Digital Library of American Slavery library.uncg.edu/slavery The Digital Library on American Slavery is an expanding resource compiling various independent online collections focused upon race and slavery in the American South, made searchable through a single, simple interface. Although the current focus of DLAS is sources associated with North Carolina, there is considerable data contained herein relating to all 15 slave states and Washington, D.C., including detailed personal information about slaves, slaveholders, and free people of color. Digital Archaeological Archive of Comparative Slavery (DAACS) daacs.org Learn more about enslaved Africans and their descendants living in the Chesapeake, Carolinas, and Caribbean during the Colonial and


54 Antebellum Periods. Analyze and compare archaeological assemblages and architectural plans from different sites at unprecedented levels of detail. DAACS is a community resource, conceived and maintained in the Department of Archaeology at Monticello, in collaboration with the research institutions and archaeologists working throughout the Atlantic world. The African Burial Ground – Final Reports gsa.gov/africanburialground The African Burial Ground in Manhattan, New York is of unparalleled significance to America’s heritage. In recognition of the need to provide for in-depth research and analysis of the site not only in response to the requirements of federal law, but because of the great public, community, and scholarly interest in the site and its history, GSA contracted Howard University to conduct intense research and analysis into the history, bioanthropology, and archaeology of the African Burial Ground. Trans-Atlantic Slave Trade Database slavevoyages.org The Trans-Atlantic Slave Trade Database has information on almost 36,000 slaving voyages that forcibly embarked over 10 million Africans for transport to the Americas between the sixteenth and nineteenth centuries. The database and the separate estimates interface offer researchers, students and the general public a chance to rediscover the reality of one of the largest forced movements of peoples in world history. Behind the Veil: African American Life in the Jim Crow South library.duke.edu/digitalcollections The Behind the Veil Oral History Project was undertaken by Duke University’s Center for Documentary Studies from 1993 to 1995. The primary purpose of this documentary project was to record and preserve the living memory of African American life during the age of legal segregation in the American South, from the 1890s to the 1950s.

EDUCATION & PUBLIC HISTORY Center for the Study of Slavery & Justice Brown University brown.edu/initiatives/slavery-and-justice Gilder Lehrman Center for the Study of Slavery, Resistance and Abolition Yale University yale.edu/glc Georgia Flournoy Photo courtesy of Library of Congress

The Lapidus Center for the Historical Analysis of Transatlantic Slavery Schomburg Center for Research in Black Culture lapiduscenter.org Slavery and Remembrance Initiative UNESCO Slave Route Project slaveryandremembrance.org Smithsonian National Museum of African American History & Culture Washington, D.C. www.nmaahc.si.edu


55 PRESERVATION National Trust for Historic Preservation savingplaces.org The National Trust for Historic Preservation protects significant places representing diverse cultural experiences by taking direct action and inspiring broad public support. Selected Online Articles: Preserving African American Historical Places Authors: Brent Leggs, Kerri Rubman, and Byrd Wood How to Preserve Historic Cemeteries and Burial Grounds Author: Sarah Heffern Tips for Researching Historic Cemeteries and Burial Grounds Author: Sarah Heffern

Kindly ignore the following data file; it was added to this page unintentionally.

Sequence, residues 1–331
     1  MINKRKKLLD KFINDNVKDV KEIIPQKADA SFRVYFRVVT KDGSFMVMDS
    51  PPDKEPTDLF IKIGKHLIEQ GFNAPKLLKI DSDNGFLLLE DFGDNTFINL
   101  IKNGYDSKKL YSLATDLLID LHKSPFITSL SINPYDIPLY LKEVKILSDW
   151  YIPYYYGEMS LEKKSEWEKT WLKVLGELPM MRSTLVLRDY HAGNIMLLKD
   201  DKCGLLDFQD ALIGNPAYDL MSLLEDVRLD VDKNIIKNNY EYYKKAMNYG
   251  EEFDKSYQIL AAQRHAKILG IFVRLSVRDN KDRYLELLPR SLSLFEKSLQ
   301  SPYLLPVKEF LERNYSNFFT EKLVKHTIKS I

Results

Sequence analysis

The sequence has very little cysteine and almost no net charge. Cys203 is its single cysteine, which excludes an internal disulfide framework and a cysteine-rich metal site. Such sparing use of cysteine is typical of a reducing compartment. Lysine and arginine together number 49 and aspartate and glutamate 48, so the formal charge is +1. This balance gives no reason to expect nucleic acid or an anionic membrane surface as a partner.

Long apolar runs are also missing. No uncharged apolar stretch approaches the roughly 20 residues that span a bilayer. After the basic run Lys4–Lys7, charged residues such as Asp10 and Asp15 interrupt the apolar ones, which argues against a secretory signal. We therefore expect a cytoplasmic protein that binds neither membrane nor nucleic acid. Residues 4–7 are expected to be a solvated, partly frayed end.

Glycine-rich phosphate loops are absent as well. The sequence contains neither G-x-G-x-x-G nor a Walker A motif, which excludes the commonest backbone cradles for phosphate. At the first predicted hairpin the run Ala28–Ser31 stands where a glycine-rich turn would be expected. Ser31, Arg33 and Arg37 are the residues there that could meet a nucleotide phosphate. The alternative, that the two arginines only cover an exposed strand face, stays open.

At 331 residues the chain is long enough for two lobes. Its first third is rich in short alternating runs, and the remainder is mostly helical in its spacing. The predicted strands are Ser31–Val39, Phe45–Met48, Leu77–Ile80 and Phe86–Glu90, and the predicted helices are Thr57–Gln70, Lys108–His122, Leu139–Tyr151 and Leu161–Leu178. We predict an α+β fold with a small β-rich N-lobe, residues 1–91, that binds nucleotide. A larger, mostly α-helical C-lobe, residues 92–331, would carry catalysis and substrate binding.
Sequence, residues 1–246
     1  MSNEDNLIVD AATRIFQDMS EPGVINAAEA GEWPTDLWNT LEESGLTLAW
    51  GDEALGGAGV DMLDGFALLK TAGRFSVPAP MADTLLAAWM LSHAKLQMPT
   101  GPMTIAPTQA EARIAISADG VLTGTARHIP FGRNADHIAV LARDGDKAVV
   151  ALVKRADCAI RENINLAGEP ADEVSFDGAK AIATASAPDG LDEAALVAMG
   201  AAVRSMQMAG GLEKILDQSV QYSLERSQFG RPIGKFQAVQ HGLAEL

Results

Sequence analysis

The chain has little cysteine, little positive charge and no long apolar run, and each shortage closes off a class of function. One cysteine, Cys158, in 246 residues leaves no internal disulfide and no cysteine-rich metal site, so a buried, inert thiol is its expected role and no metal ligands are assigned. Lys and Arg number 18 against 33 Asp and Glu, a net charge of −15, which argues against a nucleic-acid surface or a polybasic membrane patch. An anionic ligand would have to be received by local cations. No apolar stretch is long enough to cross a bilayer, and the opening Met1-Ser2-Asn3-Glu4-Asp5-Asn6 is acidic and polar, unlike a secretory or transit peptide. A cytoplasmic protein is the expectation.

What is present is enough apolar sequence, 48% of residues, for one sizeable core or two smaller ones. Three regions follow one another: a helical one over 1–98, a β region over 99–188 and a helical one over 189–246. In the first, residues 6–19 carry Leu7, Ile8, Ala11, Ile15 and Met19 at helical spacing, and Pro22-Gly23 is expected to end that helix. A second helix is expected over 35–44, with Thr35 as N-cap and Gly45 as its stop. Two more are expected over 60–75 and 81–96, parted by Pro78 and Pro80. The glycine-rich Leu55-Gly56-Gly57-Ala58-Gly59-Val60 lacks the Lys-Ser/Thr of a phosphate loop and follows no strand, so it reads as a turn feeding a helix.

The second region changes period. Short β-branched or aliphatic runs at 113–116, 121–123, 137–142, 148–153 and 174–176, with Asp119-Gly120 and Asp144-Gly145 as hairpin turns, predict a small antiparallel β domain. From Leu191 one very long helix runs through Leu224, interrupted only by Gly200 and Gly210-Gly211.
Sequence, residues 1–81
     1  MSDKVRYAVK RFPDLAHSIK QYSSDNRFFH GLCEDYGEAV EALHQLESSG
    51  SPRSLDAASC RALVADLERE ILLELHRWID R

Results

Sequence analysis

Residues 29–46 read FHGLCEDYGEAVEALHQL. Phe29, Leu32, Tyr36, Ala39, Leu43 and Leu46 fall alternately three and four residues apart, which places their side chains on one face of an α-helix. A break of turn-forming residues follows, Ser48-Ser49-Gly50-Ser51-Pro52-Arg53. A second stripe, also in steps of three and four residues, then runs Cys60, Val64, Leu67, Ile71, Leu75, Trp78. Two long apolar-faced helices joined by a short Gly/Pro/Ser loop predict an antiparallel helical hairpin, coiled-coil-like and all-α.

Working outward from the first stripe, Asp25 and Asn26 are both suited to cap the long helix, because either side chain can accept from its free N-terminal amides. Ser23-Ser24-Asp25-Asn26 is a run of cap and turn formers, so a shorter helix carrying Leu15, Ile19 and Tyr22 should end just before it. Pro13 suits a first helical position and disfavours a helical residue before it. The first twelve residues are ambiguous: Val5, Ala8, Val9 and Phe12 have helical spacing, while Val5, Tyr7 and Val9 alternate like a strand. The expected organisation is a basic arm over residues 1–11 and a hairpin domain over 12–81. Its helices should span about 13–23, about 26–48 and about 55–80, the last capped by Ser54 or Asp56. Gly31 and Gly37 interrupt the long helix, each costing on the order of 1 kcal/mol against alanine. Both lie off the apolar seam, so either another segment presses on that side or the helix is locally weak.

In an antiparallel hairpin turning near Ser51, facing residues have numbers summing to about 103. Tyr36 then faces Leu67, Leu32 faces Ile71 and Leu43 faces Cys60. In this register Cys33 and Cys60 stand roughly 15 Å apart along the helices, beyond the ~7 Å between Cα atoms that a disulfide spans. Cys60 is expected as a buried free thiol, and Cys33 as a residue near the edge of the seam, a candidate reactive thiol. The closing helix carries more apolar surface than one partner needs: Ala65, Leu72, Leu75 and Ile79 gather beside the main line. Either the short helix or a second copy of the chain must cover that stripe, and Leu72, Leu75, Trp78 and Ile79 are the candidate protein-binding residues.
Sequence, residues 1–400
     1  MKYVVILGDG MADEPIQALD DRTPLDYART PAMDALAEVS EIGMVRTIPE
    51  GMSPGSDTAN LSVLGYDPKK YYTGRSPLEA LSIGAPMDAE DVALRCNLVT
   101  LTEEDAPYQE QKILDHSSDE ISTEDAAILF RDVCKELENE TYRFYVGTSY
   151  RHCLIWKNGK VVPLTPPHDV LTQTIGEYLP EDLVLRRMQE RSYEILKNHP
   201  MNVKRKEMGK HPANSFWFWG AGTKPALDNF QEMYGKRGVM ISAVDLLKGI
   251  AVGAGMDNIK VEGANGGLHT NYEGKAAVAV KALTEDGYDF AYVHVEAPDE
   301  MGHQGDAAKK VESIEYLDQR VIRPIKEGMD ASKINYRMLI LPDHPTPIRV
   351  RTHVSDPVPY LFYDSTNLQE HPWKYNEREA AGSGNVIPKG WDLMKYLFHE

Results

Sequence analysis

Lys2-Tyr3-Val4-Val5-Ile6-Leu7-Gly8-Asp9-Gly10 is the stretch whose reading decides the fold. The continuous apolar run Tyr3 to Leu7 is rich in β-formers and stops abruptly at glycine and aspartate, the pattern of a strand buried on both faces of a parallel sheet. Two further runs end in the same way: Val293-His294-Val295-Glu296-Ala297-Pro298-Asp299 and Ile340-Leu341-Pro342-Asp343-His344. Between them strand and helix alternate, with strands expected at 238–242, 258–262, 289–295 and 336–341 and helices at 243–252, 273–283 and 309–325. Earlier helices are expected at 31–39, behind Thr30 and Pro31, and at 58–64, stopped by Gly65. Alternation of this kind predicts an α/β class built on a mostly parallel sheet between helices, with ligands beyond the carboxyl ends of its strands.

REL ATED WORK S & INITIATIVES African Origins african-origins.org African Origins contains information about the migration histories of Africans forcibly carried on slave ships into the Atlantic. Using the personal details of 91,491 Africans liberated by International Courts of Mixed Commission and British Vice Admiralty Courts, this resource makes possible new geographic, ethnic, and linguistic data on peoples captured in Africa and pulled into the slave trade. Through contributions to this website by Africans, members of the African Diaspora, and others, we hope to set in motion the rediscovery of the backgrounds of the millions of Africans captured and sold into slavery during suppression of transatlantic slave trading in the 19th century. Freedom on the Move freedomonthemove.org The Freedom on the Move project at Cornell University is creating a database that digitizes, preserves, organizes, and enables analysis of all surviving ads of runaway slaves from the historical period of North American slavery. This database will be flexible enough not only to permit multiple kinds of analysis – biographical, textual, statistical, and geographical – but even to allow types of analysis that we cannot yet imagine. Most importantly, both its creation and its use will be accessible to the general public. The Freedmen’s Bureau Project The Freedmen’s Bureau Project is a volunteer initiative to make the records of more than 4 million post-Civil war era African-Americans searchable online. To help bring thousands of records to light, the Freedmen’s Bureau Project was created as a set of partnerships between FamilySearch International and the National Archives and Records Administration (NARA), the Smithsonian National Museum of African American History and Culture, the Afro-American Historical and Genealogical Society (AAHGS), and the California African American Museum.